Everything has something to do with the Question: IF THEY ARE OUT THERE, WHY HAVEN’T THEY VISITED? The prospects are the alarming part.
According to Figuring Out Whether Aliens Exist: Possible Resolutions to the Fermi Paradox
The Kardashev Scale:
In 1964, Soviet astronomer and SETI researcher Nikolai Kardashev proposed a classification method for grouping species based on their level of technological development. The subsequent scale had three levels (or types) which characterized species dependent on the measure of energy they could outfit.
By definition, Type I civilization (aka. “planetary civilizations”) are those that have developed the means to harness and store all of the energy of their home planet. According to Kardashev, this would amount to the consumption of 4 x 10^19 erg/sec which would likely be in the forms of fusion power, antimatter, and renewable energy on a global scale.
Next up are Type II civilizations (“stellar civilizations”), which evolved to the point where they could harvest all the energy emitted by their star – which Kardashev speculated would likely involve a structure like a Dyson Sphere. In this case, this would work out to a consumption of 4 x 10³³ erg/sec.
Type III civilizations (“galactic civilizations”) are those that would be able to harness the energy of an entire galaxy, which would work out to energy consumption on the order of 4 x 10
Based on the fact that the Universe has been around for 13.8 billion years, and the fact that our Solar System has only existed for the last 4.6 billion years of that, it would seem likely that at least a few civilizations would have been able to achieve a Type III level of development. Even with our modest means, it would be very difficult for humans to miss the signs of such a civilization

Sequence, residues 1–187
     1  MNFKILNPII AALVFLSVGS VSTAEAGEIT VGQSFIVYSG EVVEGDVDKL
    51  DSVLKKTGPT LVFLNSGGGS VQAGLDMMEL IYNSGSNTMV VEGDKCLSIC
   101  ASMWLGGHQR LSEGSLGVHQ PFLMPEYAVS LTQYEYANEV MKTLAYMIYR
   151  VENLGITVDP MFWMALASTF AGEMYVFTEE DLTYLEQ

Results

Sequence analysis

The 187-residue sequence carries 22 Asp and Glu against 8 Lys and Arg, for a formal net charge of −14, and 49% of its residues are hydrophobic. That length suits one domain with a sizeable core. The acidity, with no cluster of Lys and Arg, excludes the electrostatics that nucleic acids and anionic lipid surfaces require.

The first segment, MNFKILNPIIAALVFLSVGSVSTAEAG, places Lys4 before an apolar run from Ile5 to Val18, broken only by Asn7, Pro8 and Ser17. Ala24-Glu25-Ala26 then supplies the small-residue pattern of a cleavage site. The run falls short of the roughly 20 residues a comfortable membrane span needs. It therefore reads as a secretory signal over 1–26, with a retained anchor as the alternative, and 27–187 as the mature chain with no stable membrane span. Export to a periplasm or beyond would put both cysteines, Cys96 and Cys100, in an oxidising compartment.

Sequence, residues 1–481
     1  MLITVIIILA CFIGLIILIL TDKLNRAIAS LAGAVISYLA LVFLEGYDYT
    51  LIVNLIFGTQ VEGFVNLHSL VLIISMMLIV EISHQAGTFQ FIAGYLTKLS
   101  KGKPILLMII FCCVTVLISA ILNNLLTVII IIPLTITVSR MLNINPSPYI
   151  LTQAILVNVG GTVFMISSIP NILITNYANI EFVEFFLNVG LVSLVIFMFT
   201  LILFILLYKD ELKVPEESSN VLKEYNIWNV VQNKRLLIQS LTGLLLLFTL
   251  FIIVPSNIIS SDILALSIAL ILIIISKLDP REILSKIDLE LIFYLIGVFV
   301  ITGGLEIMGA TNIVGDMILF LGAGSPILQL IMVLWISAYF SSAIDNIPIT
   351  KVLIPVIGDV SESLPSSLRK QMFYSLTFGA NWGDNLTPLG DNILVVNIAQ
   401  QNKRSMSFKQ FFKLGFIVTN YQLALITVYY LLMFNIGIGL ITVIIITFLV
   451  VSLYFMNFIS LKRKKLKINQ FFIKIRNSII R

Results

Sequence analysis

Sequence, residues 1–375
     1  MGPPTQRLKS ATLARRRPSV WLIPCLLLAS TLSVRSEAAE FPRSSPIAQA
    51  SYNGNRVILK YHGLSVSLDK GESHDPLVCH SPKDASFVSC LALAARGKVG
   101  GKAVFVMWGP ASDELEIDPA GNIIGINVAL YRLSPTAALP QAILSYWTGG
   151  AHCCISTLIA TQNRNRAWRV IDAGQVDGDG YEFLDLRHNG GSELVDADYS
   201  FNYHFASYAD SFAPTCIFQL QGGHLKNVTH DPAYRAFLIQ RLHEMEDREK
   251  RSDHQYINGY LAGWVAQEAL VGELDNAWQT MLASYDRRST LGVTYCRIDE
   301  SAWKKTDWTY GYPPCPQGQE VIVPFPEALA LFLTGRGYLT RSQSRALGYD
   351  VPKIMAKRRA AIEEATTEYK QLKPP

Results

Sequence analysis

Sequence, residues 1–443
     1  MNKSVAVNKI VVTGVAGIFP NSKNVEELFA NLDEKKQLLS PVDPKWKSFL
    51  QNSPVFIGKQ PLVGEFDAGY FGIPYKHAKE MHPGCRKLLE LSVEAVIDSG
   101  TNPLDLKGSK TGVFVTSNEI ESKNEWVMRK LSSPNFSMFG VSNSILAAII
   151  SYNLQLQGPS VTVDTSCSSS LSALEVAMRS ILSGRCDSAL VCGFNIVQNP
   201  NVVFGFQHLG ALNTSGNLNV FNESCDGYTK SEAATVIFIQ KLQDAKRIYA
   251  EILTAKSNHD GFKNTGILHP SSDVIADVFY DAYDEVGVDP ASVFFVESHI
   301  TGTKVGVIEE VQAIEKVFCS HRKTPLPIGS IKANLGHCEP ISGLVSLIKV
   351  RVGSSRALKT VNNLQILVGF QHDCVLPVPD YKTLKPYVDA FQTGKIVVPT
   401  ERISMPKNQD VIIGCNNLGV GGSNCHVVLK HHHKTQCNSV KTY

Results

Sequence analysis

So again, we are forced to ask why we have found no signs of intelligent life in the cosmos. How it is that the odds of intelligent life seems so likely, but the evidence is so lacking? Here’s where things get particularly interesting, frightening, and more than a little mind-blowing.
The Hart Tipler Conjecture and “Great Filter” Hypothesis:
There’s the obvious answer: that extra-terrestrial intelligence simply doesn’t exist. This was the conclusion argued by Michael Hart, an American astrophysicist in a paper he published in 1975 – titled “Explanation for the Absence of Extraterrestrials on Earth“.
This argument was elucidated further by mathematician Frank J. Tipler in his 1979 study, “Extraterrestrial Intelligent Beings do not exist“. In what has come to be named the Hart-Tipler Conjecture, they argue that if any ETIs had developed the means for interstellar travel, they would have visited the Solar System by now.
Another possibility was suggested by economic Robin Hanson in an online essay, “The Great Filter – Are We Almost Past It?“, which was published in 1998. As he summarized his argument: